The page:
The influence of Early Cretaceous paleoclimate warming event on sedimentary environment evolution and organic matter sources in Yin'e Basin: Evidence from petrology and molecular geochemistry

Kun Zhang, Rong Liu*, Wenjing Ding, Li Li, Zhaojun Liu

*Corresponding author for this work

    Research output: Contribution to journalArticlepeer-review

    11 Citations (Scopus)

    Abstract

    The lacustrine organic-rich fine-grained sedimentary rocks of the Early Cretaceous Bayingebi Formation are widely distributed in the Yin'e Basin and they have become important source rocks for oil and gas exploration. To reveal the influence of paleoclimate warming event on sedimentary environment evolution and organic matter sources, the petrological and molecular geochemical analyses of the upper member of the Bayingebi Formation (K1b2) were carried out using optical microscopy, X-ray diffraction, scanning electron microscopy, Rock-Eval pyrolysis and gas chromatography–mass spectrometry, in order to establish the paleoecological models of the Early Cretaceous freshwater and saline lakes. The oil shale and dark mudstone of K1b2 are both in the immature-early mature stage and have good potential for hydrocarbon generation, with a dominance of type I and type II1 kerogen. Two types of primary dolomite were found in this formation: microcrystalline dolomite with uniform structure, and the microbially originated spherical dolomite aggregates. The K1b2 can be divided into four units based on its lithology and logging curve characteristics. Unit II was deposited in the peak of lake development, under the warm-humid paleoclimate with abundant annual precipitation. There was greater influx of freshwater than other units, which resulted in the unstable stratification of the water column and less reducing condition of the lake bottom water body. Lower aquatic organisms and vascular plants were unprecedentedly prosperous, which were indicated by short-term thriving phenomena of telalginite, and the large input of terrestrial OM and highest abundance of the OM compared to other units. A lake water salinization event occurred during the sedimentation period of Unit III under the cooling climate, causing a transition from a freshwater lake to a high-salinity lake with reducing condition and stable stratification of the water column. Salinity of lake water increased the competitiveness of salt-tolerant algae and bacteria. The salty environment is beneficial for the thriving of single to halophilic genus of microorganism and lead to significantly lower abundance of telalginite. The biological sources of OM were mainly bacteria, algae and emergent plants, with limited contribution of terrestrial higher plants. The anoxic alkaline environment and high salinity condition at the lake bottom were beneficial for the formation of carbonate minerals and the preservation of OM. This were characterised by medium abundance of OM and high hydrocarbon generation potential. The study on the petrological and molecular geochemical characteristics of these organic-rich fine-grained sedimentary rocks is of great significance for investigating the genetic mechanisms and resource potential of oil and gas.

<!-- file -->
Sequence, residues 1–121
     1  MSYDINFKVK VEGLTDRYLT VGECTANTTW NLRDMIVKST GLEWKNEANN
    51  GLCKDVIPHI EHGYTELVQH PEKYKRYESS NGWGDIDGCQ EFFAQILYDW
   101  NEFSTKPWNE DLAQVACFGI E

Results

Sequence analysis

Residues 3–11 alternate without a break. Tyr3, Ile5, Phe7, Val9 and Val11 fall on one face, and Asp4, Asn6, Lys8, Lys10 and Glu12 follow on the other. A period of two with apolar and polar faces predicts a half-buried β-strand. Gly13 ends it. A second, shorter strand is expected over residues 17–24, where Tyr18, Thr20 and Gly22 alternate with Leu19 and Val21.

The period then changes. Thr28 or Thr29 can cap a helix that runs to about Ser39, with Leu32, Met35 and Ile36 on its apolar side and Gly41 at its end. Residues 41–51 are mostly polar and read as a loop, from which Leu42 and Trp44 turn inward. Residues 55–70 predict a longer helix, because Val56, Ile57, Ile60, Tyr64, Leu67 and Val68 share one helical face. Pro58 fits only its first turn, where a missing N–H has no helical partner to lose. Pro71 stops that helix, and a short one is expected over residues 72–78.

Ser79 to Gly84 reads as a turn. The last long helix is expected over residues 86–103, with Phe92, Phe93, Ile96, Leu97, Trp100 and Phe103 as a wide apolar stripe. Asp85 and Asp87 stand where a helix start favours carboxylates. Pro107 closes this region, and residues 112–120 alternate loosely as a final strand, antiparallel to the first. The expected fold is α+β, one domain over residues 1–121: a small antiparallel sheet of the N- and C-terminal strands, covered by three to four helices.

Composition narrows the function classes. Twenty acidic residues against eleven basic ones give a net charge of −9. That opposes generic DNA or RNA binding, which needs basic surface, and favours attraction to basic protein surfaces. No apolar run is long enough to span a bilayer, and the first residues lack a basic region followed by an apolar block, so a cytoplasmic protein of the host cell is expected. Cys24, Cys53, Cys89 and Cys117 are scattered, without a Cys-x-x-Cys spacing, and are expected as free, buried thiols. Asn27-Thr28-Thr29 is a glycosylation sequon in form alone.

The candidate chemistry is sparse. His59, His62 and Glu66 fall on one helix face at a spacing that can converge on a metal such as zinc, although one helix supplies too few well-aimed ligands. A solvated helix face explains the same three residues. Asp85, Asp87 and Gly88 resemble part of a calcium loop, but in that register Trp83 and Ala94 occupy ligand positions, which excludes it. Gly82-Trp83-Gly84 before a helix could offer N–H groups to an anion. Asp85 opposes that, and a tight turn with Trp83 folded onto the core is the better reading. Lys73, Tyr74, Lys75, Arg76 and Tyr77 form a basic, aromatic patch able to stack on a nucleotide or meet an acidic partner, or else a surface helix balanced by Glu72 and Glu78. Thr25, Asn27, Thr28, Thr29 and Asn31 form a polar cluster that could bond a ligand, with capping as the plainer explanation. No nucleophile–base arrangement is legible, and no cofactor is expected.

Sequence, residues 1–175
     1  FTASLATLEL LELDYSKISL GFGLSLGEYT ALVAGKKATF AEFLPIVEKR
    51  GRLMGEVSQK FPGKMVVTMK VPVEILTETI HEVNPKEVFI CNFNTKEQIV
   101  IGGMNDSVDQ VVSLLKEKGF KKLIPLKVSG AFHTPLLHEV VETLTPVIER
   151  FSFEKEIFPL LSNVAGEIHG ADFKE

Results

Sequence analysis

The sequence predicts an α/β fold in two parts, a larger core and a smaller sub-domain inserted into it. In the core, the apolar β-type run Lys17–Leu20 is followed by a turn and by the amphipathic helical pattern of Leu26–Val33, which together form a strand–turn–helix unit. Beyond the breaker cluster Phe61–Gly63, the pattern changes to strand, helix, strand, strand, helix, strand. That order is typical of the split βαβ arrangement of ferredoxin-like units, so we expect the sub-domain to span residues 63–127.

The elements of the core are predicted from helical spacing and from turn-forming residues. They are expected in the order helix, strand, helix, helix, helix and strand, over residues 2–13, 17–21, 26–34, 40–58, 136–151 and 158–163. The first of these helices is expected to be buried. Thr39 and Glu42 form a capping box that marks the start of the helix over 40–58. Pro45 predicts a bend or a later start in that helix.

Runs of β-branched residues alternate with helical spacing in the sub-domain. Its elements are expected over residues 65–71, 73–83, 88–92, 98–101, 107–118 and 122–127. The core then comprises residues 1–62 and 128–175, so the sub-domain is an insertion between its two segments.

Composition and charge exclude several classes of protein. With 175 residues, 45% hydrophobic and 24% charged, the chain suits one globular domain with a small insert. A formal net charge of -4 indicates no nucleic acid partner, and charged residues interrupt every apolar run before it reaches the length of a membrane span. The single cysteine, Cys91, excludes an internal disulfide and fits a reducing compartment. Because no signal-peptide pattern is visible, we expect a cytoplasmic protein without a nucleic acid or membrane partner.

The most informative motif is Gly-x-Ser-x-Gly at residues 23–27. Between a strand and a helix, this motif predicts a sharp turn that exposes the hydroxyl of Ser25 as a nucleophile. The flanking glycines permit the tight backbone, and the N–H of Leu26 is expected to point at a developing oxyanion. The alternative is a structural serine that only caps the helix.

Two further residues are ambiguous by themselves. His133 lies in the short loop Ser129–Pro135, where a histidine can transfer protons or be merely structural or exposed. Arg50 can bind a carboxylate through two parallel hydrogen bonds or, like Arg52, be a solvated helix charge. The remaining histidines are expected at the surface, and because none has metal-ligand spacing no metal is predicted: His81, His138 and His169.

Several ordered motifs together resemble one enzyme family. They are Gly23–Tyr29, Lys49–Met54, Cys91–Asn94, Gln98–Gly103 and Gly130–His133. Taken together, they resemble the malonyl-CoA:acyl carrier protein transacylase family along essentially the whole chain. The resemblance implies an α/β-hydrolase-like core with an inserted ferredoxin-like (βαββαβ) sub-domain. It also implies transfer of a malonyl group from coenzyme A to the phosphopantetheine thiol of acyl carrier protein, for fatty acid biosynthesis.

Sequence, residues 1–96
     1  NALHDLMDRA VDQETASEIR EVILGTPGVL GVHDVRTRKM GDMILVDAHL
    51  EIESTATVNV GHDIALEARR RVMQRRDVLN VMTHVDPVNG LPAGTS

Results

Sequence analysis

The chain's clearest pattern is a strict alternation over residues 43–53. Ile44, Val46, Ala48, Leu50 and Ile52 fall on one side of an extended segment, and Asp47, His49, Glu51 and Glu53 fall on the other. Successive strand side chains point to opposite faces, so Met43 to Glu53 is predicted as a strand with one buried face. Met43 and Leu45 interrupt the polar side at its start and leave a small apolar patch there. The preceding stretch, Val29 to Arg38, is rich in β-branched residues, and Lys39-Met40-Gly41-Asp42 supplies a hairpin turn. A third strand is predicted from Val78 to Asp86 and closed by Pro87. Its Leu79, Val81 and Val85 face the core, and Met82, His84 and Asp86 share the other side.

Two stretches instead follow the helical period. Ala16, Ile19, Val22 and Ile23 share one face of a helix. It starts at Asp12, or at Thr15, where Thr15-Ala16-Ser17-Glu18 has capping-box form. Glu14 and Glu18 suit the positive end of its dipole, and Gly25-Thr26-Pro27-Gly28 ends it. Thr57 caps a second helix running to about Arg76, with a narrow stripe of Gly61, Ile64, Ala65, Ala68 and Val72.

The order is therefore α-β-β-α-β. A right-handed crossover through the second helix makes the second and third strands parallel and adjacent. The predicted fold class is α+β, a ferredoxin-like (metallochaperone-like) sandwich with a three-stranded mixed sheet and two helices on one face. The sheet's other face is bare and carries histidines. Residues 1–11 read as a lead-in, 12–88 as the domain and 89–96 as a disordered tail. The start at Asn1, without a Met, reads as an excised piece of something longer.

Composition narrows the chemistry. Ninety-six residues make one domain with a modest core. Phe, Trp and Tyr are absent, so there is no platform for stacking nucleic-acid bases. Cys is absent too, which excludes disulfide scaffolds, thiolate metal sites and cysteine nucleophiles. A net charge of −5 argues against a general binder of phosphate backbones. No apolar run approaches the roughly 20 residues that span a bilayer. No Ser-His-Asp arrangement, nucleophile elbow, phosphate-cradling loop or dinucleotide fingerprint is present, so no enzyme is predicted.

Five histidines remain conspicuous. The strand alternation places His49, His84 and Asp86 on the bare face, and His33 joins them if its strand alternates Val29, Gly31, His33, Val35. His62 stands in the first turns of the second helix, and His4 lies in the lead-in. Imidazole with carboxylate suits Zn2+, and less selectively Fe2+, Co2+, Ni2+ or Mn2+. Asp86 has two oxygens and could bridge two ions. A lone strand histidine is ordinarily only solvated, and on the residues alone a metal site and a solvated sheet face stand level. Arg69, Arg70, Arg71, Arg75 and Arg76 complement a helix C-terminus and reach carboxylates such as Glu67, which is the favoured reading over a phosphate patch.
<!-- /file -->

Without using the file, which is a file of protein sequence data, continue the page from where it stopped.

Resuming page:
Original languageEnglish
    Article number103972
    Pages (from-to)1-21
    Number of pages21
    JournalInternational Journal of Coal Geology
    Volume254
    DOIs
    Publication statusPublished - 1 Apr 2022

    Keywords

    • Bayingebi Formation
    • Biomarkers
    • Dolomites
    • Oil shale
    • Organic petrology
    • Salinity stratification

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